KCPiton (@guest_17365)
5 years ago

A KOA is a KOA, no matter how it is branded, and we avoid KOA campgrounds like the plague. We gave them a chance, but 1, 2, 3 strikes – YOU’RE OUT! I’m sure there might be a KOA or two out there that are great campgrounds, but we have not stayed at any of them. The ones we stayed at across the country were noisy with highway traffic, airport noise, and train horns which blared every hour throughout the night. The prices are outrageous and the sites are so close together that you can pass coffee to your neighbor through your RV windows. You can call it whatever you want, but we will not voluntarily stay at any KOA, be it Journey, Holiday, OR Resort!

Bob Godfrey (@guest_17353)
5 years ago

We avoid KOAs at all costs since the only one we’ve stayed at charged an outrageous price for nothing more than an average site. I doubt we will change our habits even if they provide their new “experience” levels. We’ve managed to visit 48 states so far and don’t need them nor their “experience”.

Mike (@guest_17337)
5 years ago

KOA now stands for “Keep Out Always”!

This once iconic brand in it’s market segment has followed the path of one the sewer dumps at what they now call a “Resort”. KOA campgrounds are like Forrest Gump so wittingly said ” They are like a box of chocolates. You never know what you are going to get”!

I find it interesting that the owner of the campground referenced above who wrote the article critical of KOA and it’s branding/marketing plans continues to be KOA affiliated campground.


Given all the fantastic reviews of his campground it sounds to me that KOA needs him a Hell of lot more than he needs KOA!

Until independent camground owners decide to embrace campers and travelers who want a campground spot that does not include more and more space dedicated to hotel rental cabins and “Full Timer’s KOA and others will continue their decline. Their only saving grace will be the “Trump Economy” as referenced earlier and the:”Law of Large Numbers” that the RV industry is currently providing to them with over 500,000 new RV’S this year alone.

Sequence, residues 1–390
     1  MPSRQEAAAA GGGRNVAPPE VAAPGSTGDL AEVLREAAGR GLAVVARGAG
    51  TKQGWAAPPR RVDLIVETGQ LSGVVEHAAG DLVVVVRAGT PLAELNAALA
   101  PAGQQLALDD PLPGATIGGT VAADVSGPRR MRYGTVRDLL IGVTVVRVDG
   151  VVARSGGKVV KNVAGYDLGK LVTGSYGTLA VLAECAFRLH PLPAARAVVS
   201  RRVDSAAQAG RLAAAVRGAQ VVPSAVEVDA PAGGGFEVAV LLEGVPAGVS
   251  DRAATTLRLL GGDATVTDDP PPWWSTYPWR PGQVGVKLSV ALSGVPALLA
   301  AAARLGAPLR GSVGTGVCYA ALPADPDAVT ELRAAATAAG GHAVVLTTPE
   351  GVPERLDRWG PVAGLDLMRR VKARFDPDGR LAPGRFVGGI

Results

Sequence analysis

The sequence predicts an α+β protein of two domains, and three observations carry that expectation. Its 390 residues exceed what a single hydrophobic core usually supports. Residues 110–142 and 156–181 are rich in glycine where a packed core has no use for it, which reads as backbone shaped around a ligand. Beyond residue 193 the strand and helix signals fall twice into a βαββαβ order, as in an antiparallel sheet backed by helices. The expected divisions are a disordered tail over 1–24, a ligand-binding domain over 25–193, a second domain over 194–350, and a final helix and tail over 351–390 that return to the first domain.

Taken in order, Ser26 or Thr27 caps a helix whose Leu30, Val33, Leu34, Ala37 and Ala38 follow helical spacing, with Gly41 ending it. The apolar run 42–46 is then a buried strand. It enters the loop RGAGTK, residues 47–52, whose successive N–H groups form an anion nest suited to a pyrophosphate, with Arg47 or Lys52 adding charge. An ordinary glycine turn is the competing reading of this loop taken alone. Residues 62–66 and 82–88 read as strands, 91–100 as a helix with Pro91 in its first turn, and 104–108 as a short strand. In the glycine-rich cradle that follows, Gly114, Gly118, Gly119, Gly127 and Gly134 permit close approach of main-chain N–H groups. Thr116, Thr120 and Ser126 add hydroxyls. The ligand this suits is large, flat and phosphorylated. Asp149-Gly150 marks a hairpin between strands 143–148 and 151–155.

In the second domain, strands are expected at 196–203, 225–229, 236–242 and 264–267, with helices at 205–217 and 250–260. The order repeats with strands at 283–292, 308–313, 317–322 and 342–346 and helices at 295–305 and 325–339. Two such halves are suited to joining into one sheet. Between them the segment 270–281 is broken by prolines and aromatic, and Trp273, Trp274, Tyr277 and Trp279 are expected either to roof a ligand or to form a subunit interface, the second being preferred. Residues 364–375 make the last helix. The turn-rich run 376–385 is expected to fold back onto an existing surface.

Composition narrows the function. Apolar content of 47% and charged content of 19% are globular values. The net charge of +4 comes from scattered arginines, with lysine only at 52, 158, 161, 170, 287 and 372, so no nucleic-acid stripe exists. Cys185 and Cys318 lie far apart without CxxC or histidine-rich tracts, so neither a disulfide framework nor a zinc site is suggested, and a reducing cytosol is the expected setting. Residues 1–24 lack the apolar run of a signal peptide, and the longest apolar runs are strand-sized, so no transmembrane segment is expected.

When the next CRASH happens in the RV and Camping industry and it will once again occur this CRASH will be mighty!

Clayobx (@guest_17330)
5 years ago

We travel mainly up and down the eastern US. In summary KOA’s are no different than any other campground with a similar price point. We use several review systems and google earth to base our stays. Yes, it’s a pain but in today’s overcrowded demands it pays to plan ahead and reserve a site is a “must do”. FWIW we have spent three nights in Mr. Zipser’s KOA, Staunton VA. Beautiful grounds! We had a super large site with grill, full propane tank, great views and lovely swing set for two. We’ll be back the price was fair for value received.

Matthew Colie (@guest_17304)
5 years ago

Not that long ago (I could dig out the log books) we were traveling and came on a “Campground” that was little more than a manicured parking lot with FHU-50. It was 20$/night. As we are travelers and not campers, this is exactly what I had in mind. When forced, we have even paid 17$ for a 0HU with access to shows only a 500yd walk away.
We like Cabela’s better than Walmart, but the one in Hammond has been shut off by the city, so now we avoid Hammond.

CaptnJohn (@guest_17293)
5 years ago

40 years ago they were top of the list. Campers were smaller. Now they have flowers and the same tiny sites. Few pull through sites in sardine city.

Rob (@guest_17287)
5 years ago

To me it makes no difference what they call themselves. KOA = expensive and I always avoid them, that’s all I need to know. I have checked out a couple in areas that I frequent and their quality is much lower than parks that are much cheaper.

Eric Eltinge (@guest_17286)
5 years ago

I have owned 3 franchised retail stores and have been associated with franchised restaurants. Almost always, company owned units offer better quality, service, value, and cleanliness. KOA should raise funds (like Camping World) in this bullish Trump stock market. And then muscle/buy out the lousy franchisees as does McDonalds. The quality and value of the remaining franchises would increase dramatically. We certainly need far more Good Sam 10/10/10 level campgrounds for those of us who own $100K-$500K motorhomes.

Cam (@guest_17278)
5 years ago

I like the new direction for KOA. There were far too many parks in their system that had not kept up their facilities to at least meet a common standard. I like to GLAMP …I don’t want uneven sites, potholes in the road, dirty bathrooms, no TV reception and no cable, Wifi that is advertised but is neither Wi or Fi or swimming pools with scum lines.